30. 30. Affinity Diagram Example1. Randomize Ideas Together 2. Group Ideas 4. Put it Together 3. Create Headers
  31. 31. Force Field Analysis• Is a method for listing, discussing, and assessing the various forces for and against a proposed change. It helps to look at the big picture by analyzing all of the forces impacting on the change and weighing up the pros and cons. Page 109
  32. 32. Force Field Procedure1. Draw a large letter t2. At the top of the t, write the issue or problem3. At the far right of the top of t write the ideal state you wish to obtain4. Fill in the chart – List internal and external factors advancing towards the ideal state – List forces stopping you from obtaining the ideal state
  33. 33. Force Field Example
  34. 34. Tree Diagram• Tree diagrams help link a task’s overall goals and sub-goals, and helps make complex tasks more visually manageable. Accomplished through successive steps digging into deeper detail. Page 124
  35. 35. Tree Diagram Procedure1. Identify the Goal2. Generate Tree Headings (Sub Goals) – ~5 slightly more specific topics that are related to the general goal – Place them horizontally on post it notes horizontally under goal3. Generate Branches of sub goals as needed4. Record the results
  36. 36. Tree Diagram Example
  37. 37. Cause and Effect Diagram (Fishbone or Ishikawa Diagram)• Is a tool that helps identify, sort, and display possible causes of a specific problem or quality characteristic. It graphically illustrates the relationship between a given outcome and all the factors that influence the outcome. Page 97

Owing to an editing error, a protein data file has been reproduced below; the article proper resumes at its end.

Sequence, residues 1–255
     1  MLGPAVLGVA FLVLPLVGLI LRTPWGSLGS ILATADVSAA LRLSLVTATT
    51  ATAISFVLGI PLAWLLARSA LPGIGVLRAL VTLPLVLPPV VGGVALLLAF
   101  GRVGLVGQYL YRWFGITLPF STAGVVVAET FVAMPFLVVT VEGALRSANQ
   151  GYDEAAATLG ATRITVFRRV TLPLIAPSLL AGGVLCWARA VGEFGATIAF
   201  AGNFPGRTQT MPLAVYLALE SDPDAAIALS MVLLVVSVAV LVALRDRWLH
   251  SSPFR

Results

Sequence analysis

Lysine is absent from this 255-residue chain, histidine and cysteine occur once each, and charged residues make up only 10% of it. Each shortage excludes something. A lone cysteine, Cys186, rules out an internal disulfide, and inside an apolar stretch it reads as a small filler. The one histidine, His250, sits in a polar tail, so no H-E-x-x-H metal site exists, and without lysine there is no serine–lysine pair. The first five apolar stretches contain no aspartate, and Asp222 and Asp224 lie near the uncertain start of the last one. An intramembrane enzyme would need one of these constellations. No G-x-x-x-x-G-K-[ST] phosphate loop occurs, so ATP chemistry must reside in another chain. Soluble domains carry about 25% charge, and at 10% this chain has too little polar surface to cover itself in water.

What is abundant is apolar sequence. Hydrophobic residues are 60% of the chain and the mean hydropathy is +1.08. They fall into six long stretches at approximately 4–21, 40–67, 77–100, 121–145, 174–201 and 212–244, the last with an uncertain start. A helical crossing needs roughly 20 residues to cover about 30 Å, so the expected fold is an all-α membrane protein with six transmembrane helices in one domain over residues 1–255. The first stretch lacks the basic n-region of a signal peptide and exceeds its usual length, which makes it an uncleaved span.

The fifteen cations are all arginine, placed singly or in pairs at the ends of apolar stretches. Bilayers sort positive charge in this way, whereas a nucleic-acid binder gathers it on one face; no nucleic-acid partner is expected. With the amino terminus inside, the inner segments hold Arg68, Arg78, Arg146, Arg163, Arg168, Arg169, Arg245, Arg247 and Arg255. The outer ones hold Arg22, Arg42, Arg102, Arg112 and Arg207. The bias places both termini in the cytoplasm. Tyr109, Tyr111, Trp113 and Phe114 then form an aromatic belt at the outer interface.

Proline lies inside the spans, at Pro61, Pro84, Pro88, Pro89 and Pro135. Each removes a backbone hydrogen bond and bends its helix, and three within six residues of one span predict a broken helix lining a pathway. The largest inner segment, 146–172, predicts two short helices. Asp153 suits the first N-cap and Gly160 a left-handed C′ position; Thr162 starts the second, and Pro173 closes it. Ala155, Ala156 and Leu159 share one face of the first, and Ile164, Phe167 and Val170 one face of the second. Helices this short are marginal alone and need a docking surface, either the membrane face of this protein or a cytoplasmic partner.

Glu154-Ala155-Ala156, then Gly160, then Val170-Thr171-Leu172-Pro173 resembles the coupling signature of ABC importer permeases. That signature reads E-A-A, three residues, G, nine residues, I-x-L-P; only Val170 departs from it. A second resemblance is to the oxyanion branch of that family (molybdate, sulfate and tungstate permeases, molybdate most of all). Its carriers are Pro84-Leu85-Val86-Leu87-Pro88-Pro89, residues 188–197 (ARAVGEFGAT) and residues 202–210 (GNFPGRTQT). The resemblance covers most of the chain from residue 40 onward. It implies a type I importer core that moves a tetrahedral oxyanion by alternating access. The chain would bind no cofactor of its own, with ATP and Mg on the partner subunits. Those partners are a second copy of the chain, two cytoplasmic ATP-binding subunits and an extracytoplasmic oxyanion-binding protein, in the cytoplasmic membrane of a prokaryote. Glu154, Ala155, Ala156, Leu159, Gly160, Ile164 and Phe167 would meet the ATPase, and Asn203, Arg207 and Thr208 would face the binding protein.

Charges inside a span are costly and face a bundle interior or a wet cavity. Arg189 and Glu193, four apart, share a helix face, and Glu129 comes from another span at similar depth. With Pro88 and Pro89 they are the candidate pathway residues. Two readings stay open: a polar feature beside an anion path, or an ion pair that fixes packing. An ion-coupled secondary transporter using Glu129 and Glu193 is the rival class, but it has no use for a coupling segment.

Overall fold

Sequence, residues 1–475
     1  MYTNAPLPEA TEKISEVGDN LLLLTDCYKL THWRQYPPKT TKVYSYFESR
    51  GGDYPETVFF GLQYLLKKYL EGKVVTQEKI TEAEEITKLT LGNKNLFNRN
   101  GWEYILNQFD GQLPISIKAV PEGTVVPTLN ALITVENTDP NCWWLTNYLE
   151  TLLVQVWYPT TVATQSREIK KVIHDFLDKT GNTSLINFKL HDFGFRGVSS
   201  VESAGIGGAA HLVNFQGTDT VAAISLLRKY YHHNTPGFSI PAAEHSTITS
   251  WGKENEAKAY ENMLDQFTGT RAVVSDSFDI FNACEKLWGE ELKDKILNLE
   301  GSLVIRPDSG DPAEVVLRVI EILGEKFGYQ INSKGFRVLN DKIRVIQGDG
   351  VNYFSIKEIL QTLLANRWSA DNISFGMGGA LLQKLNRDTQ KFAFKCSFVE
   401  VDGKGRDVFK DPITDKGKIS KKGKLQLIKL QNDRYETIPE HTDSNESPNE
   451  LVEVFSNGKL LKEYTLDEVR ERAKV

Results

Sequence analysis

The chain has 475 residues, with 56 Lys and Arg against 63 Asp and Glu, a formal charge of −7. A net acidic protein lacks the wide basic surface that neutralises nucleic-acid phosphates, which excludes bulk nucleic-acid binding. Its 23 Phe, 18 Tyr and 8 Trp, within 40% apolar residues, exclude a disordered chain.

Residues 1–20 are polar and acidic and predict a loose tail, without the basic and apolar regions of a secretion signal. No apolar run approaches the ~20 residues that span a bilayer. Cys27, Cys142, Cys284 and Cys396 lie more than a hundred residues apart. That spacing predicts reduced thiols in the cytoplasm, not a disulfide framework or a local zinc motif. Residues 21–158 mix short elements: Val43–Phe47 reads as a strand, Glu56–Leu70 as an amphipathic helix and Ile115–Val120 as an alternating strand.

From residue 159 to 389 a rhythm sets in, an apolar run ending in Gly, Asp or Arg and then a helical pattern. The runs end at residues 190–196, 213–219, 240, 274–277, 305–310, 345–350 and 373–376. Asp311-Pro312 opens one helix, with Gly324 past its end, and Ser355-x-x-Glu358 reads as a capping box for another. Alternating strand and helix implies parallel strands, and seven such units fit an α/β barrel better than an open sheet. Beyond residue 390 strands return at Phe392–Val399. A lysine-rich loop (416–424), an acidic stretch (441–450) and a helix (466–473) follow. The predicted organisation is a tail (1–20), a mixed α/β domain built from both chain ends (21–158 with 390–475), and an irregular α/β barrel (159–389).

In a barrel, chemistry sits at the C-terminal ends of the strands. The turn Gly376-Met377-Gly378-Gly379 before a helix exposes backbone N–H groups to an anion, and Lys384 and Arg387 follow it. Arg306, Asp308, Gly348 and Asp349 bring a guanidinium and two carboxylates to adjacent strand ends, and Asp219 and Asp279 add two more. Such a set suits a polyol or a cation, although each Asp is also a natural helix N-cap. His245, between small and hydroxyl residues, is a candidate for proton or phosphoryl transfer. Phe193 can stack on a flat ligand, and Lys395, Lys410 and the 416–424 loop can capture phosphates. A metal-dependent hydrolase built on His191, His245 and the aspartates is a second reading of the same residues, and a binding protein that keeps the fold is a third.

38. 38. Cause and Effect Procedure1. Identify and Define the Effect2. Draw the Fishbone Diagram – Place Effect as the Head of the fish3. Identify categories for the main causes of the effect or use the standard ones (Man, Machine, Methods, Materials, Measurements, Mother Nature)4. Add causes to the categories5. Add increasing detail to describe the cause
  39. 39. Cause and Effect ExampleGeneric Format 1. Identify Categories2. Add Causes 3. Add Details
  40. 40. Now Apply It!• Divide yourself into 6 Groups – Group 1- Nominal Group – Group 2- Multi-Voting – Group 3- Affinity Diagrams – Group 4- Force Field Analysis – Group 5- Tree Diagram – Group 6- Cause and Effect Diagram (What Causes a Bad Cup of Coffee)• Solve the problem “What Makes a Quality Coffee Experience?”
  41. 41. SQC Guest Measure
  42. 42. Types of Data  Variable / Continuous Data• Attribute / Discrete Data  Individual unit can be measured on– Individual unit categorized into a a continuum or scale Examples: classification. Examples: • Length • Counts or frequencies of occurrence • Volume (# of errors, # of units) • Time • Size • Categories (good/bad, pass/fail, • Width low/medium/high) • Pressure • Characteristics (locations, shift #, • Temperature male/female) • Thickness • Groups (complaint codes, error  Can have almost any numeric value codes, problem type)  Can be meaningfully subdivided– Finite number of values is possible into finer increments– Cannot be subdivided meaningfully Page 110